Trust and Opening Yourself Up

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Day 41 – Yesod of Yesod: Bonding in Bonding
Every person needs and has the capacity to bond with other people, with significant undertakings and with meaningful experiences. Do I have difficulty bonding? Is the difficulty in all areas or only in certain ones? Do I bond easily with my job, but have trouble bonding with people? Or vice versa? Examine the reasons for not bonding. Is it because I am too critical and find fault in everything as an excuse for not bonding? Am I too locked in my own ways?
Is my not bonding a result of discomfort with vulnerability? Have I been hurt in my past bonding experiences? Has my trust been abused? Is my fear of bonding a result of the deficient bonding I experienced as a child?
To cultivate your capacity to bond, even if you have valid reasons to distrust, you must remember that G-d gave you a Divine soul that is nurturing and loving and you must learn to recognize the voice within, which will allow you to experience other people’s souls and hearts. Then you can slowly drop your defenses when you recognize someone or something you can truly trust.
One additional point: Bonding breeds bonding. When you bond in one area of your life, it helps you bond in other areas.
Exercise for the day: Begin bonding with a new person or experience you love by committing designated time each day or week to spend together constructively.

Excerpt from The Spiritual Guide to Counting the Omer, by Simon Jacobson. ©Copyright The Meaningful Life Center, 2013. All rights reserved. www.meaningfullife.com.

There have been times when I’ve been way too trusting and open, especially in the work place, where I have had trust broken. Too many times, friendships that I thought I had cultivated only went to the perimeter of the job itself and did not extend beyond the confines of those walls. This has not always been the case, but those are rare exceptions.

I wish it were otherwise. There are many who I’ve crossed paths with that I wish were still in my life, but…they aren’t for any number of reasons. Many times I only had the shared experience of the job to “bond” us. Once I left, that bond was no longer a real bridge.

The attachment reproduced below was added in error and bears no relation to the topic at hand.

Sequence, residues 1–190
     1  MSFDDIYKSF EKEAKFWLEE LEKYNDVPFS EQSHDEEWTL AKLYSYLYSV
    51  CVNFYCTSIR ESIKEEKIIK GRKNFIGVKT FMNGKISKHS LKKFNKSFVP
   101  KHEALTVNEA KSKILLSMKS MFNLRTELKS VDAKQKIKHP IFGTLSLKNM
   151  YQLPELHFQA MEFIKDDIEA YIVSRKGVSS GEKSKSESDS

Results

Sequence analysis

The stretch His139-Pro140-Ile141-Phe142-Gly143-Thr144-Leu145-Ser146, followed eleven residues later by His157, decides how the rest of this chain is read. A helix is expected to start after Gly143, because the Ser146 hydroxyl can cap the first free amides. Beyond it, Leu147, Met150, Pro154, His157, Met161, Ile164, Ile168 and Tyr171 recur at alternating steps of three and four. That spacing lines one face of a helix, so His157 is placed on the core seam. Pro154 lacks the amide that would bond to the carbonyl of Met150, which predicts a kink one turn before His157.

I have cultivated some very deep and meaningful relationships (bonding) over the years. I cherish these, and I know what I’m going through right now pains them as they see me in pain, struggling. They need to know, and I feel I tell them, how much their support and care means to me, even when I can’t express it, or my head is buried so deep underground that I can’t see beyond the blech in front of me.

In reading the passage from Counting the Omer, I did have a deficiency as a child: I was a bit of an outcast, not well liked and not having many friends. I would wind up with one friend at a time, if that. I spent most of my time alone in my room as I got into the older grades. It wasn’t until we moved to Westchester NY and I entered a new HS that things began to change. It was there that I gained the friends that are still a part of my life now, and the few from my early college years.

I hope you cultivate the bonds you already have, strengthening them as you can. I hope you find new ones as you go along, and open your heart to others, as they should do to you.

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About StuHN

I am a creative individual with many areas of passion: Professional Storyteller; NYS Certified Drama Specialist/Educator; Professional Development Coordinator & Facilitator; Workshop Leader; sometime Puppeteer; Playwright; Director; Performer; Teaching Artist; and sometimes more.

Posted on May 6, 2013, in counseling, Despair, Family, Friends, Healing, Inspiration, Loneliness, Love, Meditations, Mindfulness, Prayers, Spiritual, Support, Therapy, Transformation and tagged , , , , , , , , , , , . Bookmark the permalink. 1 Comment.

  1. “I used to think the worst thing in life was to end up all alone, it is not. The worst thing in life is to end up with people that make you feel all alone.” ~ Robin Williams

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